Pro-abortion rights activists are reportedly sending Republican Sen. Susan CollinsSusan Margaret CollinsGOP senators introduce resolution endorsing ICE Russian hackers used fake accounts disguised as local news: report Kavanaugh lauded Rehnquist’s Roe v. Wade dissent in speech last fall: report MORE (Maine) wire coat hangers in the mail in an effort to press her to vote against any Supreme Court nominee who would overturn Roe v. Wade.
The Cut reported Monday that advocates are sending Collins wire coat hangers as a graphic reminder of some of the steps historically taken when access to abortion has been restricted.
Collins’s gift to women: pic.twitter.com/YkgHoWHOTw
— June Casagrande (@JuneCasagrande) June 29, 2018
Sent mine. You sent yours? https://t.co/GyACBHZJjB
— Dana Bolger (@danabolger) June 29, 2018
— Frances Cardenas (@fcardenas125) June 29, 2018
Justice Anthony Kennedy announced last week that he was retiring at the end of of July, triggering fears that his GOP-appointed replacement would lead the court in overruling the historic Roe v. Wade decision legalizing abortion.
Collins is seen as a key vote in the Senate for the to-be-named nominee of President TrumpDonald John TrumpGiuliani: Trump interview with Mueller ‘further away’ ACLU calls for Trump officials to hand over info on immigrant children Kushner to join Pompeo for meetings with Mexican leaders MORE, who has pledged to nominate “pro-life judges” in the past.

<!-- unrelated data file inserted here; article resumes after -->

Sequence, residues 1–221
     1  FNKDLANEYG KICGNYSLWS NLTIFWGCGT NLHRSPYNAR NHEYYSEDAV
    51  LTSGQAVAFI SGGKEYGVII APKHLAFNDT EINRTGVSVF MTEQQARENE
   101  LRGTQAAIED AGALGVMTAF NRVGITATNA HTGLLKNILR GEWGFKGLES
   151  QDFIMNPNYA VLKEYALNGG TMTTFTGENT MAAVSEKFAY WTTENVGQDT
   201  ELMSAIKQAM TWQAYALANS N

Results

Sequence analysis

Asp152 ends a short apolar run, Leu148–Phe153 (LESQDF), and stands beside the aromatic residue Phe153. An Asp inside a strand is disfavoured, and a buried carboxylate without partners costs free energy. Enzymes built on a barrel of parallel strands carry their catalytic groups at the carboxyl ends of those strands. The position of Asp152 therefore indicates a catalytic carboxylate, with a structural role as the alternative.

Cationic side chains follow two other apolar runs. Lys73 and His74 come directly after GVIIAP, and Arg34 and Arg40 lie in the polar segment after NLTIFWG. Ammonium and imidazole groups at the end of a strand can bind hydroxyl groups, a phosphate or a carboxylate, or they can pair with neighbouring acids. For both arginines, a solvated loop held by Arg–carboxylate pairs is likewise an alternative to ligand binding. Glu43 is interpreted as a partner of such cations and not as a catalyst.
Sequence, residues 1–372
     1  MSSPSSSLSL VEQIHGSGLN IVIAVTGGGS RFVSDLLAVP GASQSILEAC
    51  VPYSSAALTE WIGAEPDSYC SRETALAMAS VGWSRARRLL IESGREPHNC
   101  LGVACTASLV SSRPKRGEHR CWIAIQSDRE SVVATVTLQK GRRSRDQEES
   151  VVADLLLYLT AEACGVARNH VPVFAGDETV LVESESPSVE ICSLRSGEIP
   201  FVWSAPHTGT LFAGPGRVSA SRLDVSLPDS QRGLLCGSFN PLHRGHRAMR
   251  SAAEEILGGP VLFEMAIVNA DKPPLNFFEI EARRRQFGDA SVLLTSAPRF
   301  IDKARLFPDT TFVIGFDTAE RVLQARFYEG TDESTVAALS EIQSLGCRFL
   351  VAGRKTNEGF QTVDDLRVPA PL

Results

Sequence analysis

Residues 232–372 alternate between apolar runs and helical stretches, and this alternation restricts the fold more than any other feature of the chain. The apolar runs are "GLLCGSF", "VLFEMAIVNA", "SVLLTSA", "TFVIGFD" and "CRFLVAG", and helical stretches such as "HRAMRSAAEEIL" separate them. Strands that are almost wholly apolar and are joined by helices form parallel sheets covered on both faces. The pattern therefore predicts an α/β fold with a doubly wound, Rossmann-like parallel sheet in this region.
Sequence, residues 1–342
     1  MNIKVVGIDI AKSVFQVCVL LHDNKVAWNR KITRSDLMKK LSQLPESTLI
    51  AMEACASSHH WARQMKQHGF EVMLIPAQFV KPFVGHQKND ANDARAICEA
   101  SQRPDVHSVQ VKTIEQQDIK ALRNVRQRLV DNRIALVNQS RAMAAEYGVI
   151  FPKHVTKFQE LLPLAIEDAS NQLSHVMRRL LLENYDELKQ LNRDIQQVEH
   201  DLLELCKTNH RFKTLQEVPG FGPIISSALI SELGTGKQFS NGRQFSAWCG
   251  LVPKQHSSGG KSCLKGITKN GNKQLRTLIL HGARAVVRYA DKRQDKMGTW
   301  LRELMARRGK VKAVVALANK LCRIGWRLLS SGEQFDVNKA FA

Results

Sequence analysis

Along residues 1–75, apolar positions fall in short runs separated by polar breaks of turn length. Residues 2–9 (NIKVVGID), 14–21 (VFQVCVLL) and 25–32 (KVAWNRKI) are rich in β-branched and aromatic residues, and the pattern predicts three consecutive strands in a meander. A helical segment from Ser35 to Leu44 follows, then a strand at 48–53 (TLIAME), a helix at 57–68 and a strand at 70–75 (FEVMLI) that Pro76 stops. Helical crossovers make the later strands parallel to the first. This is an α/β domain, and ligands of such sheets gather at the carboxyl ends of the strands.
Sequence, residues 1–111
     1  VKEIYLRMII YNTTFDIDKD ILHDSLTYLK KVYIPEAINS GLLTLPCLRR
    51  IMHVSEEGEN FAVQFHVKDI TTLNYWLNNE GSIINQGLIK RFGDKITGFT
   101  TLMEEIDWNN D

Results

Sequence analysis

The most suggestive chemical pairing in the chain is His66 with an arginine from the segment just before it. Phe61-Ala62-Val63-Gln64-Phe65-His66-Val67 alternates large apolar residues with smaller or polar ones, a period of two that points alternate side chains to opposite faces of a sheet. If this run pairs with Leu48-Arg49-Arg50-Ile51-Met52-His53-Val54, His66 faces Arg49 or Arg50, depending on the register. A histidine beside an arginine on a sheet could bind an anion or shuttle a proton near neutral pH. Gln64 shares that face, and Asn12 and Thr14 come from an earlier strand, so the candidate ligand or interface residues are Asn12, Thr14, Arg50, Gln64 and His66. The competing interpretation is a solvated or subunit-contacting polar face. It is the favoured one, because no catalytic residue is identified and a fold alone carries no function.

“I view Roe v. Wade as being settled law,” Collins told reporters this week. “It’s clearly precedent, and I always look for judges who respect precedent.”
Collins also voiced skepticism about the Supreme Court overturning the landmark finding.
“I think, for example, [Chief Justice] John Roberts, given his respect for precedent and his cautious approach, despite what personal views he may hold I would be very surprised if the chief justice would ever vote to overturn Roe v. Wade, just to give you an example,” Collins said on Monday’s “The Daily” podcast.
Collins said Sunday that she is going to have an “in-depth” discussion with any judge Trump nominates to the high court.
Collins and her fellow GOP Sen. Lisa MurkowskiLisa Ann MurkowskiDems in terrible bind on Kavanaugh nomination What to expect during Kavanaugh’s confirmation battle The Hill’s Morning Report — Dems attack, but know they don’t have the votes on Kavanaugh MORE (Alaska) have both broken with the party before over health-care and abortion-related legislation, including failed votes last summer to repeal ObamaCare and, in January, ban most abortions after 20 weeks.
Republicans only hold a 51-49 margin, so every GOP vote is critical to confirming Trump’s nominee.